WordPress 2.7 and Google Analytics: Google Analyticator plugin review

I’ve previously written about Google Analytics and WordPress 2.7, and all I managed to do really was to show my ignorance. The problem that I’d had was that after installing Google Analytics manually (by inserting the relevant code in the footer), I’d then upgraded to 2.7 automatically, and naively expected it all to work magically.

I now understand that I am not yet an instinctive WordPress user. The first instinct of an experienced WP blogger looking to install analytics of any kind (or carry out almost any task) would naturally be: “Find me a plugin!”, whereas I’m more used to handbuilding web pages using simple HTML editors.

So when I recently changed the WordPress theme of one of my scratchpad blogs, and I knew as a result, the analytics code that I had placed in the footer file would have disappeared – changing themes is another way of losing code that has been manually added – I decided to investigate the plugin route.

It didn’t take too long to find the Google Analyticator plugin, which is intended to make installing Google Analytics as simple as possible.

Test blog software version: WordPress 2.7

Installation and activation: worked without hitches of any kind. Following “activation”, you do have to enter the relevant ID from your Google Analytics account and enable tracking, so don’t fall into the trap of thinking that you’re done when you’ve activated the plugin. To be fair, you do get a great big warning at the top of the page letting you know about this.


a) You can choose to put the code in the footer rather than the header – I would have thought that this should be the default setting, as I’d always want to ensure that the tracking code was loaded last on the page – visits where the visitor doesn’t wait for the full page to be loaded before hitting the back button or moving on don’t seem to me to be worth counting. However, as the plugin’s author explains in the settings, apparently not all themes support having the code in the footer.

b) You can choose whether to exclude visits from logged-in blog admins. My strong recommendation would be to use this, as you don’t want your own visits to the site to be distorting your traffic. (The more traffic you have, the less important this distortion will be.) A good feature – and one that appears to be working correctly. One warning on this: the way that it works is to exclude the tracking code from the page when you are accessing the page as a logged-in admin. So, if you want to check your pages to see whether the tracking code is present and correct, you’ll need to log out first. That one confused me for a moment or two!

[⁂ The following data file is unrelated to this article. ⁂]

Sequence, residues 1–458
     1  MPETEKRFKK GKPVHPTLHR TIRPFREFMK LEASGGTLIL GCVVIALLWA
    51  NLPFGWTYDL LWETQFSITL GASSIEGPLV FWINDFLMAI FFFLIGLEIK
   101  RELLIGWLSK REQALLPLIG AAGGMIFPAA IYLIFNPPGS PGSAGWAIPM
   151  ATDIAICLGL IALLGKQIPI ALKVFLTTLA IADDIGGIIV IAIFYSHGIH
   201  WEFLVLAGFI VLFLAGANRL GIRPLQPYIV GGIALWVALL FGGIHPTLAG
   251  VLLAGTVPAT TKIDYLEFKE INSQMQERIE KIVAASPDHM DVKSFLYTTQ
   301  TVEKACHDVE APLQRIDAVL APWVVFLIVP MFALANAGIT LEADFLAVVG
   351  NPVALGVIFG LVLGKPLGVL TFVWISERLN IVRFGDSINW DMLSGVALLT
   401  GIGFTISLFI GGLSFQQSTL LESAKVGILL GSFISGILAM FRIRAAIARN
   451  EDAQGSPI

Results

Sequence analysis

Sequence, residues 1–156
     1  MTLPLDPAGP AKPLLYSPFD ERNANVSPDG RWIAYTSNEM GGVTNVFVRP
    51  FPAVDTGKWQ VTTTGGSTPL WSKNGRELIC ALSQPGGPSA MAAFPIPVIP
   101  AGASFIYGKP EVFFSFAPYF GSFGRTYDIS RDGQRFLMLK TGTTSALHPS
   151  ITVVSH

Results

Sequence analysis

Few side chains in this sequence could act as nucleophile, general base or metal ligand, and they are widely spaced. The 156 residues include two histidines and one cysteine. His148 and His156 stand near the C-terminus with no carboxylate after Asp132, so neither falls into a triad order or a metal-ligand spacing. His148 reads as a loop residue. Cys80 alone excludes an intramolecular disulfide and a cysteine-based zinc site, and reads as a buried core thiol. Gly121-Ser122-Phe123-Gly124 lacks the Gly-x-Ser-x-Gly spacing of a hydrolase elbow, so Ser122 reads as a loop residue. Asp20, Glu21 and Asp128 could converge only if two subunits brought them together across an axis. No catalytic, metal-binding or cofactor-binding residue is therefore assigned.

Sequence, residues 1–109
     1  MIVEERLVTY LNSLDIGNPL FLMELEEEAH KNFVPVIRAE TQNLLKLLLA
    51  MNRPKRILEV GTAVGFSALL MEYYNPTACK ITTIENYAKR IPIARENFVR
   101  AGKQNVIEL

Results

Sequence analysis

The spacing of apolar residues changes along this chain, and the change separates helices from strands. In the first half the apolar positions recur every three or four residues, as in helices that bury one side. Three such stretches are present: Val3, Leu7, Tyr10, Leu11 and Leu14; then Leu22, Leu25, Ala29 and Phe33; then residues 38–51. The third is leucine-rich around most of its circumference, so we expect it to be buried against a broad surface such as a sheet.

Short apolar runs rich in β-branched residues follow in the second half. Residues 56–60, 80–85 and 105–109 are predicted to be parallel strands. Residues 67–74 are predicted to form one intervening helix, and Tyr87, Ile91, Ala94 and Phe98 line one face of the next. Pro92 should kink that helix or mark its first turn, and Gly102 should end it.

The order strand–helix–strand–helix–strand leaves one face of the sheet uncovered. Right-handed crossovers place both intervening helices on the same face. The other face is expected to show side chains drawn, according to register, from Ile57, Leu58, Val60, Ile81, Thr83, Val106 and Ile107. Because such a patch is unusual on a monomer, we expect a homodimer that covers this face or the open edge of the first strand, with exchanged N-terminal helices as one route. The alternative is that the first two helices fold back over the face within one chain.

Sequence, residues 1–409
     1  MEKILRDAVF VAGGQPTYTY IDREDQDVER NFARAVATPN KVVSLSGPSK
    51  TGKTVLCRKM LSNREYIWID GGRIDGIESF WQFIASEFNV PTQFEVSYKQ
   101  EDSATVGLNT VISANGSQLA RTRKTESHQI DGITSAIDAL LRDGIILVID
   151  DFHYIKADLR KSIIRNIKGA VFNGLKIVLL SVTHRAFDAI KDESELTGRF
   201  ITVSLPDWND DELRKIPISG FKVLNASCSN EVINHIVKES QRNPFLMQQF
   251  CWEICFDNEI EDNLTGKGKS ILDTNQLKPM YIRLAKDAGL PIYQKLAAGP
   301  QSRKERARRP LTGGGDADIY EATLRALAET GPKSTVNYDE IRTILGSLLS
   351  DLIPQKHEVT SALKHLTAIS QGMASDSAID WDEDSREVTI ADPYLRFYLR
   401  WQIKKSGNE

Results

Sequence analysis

c) You can specify additional tracking code to go before or after the GA code. This allows you access to a range of additional tracking functions in GA. My needs here aren’t yet that sophisticated, but I can confirm that adding the text works as it should.

d) You can choose whether or not to turn on tracking of outbound links.

e) You can specify (by file suffix) any file links that you want to be counted as downloads.


The key question for me was as to whether this useful-seeming plugin would plug the gap that I’d originally been hoping to fill: that is, whether it would maintain the correct analytics code in the right place if I were to upgrade or switch themes. As my test blog for this has the current 2.7 version of WordPress, I can’t test the upgrade question, but I can see what happens if I switch themes. And I can report that it handles the transition perfectly. I’ll report on how it handles any upgrades at a later stage.


Adding Google Analytics to your WordPress blog is not that complicated a task, but the Google Analyticator makes it even simpler, and also gives an intelligent range of useful options. Congratulations and thanks to the plugin author, especially for taking the time to make it compatible with WordPress 2.7.

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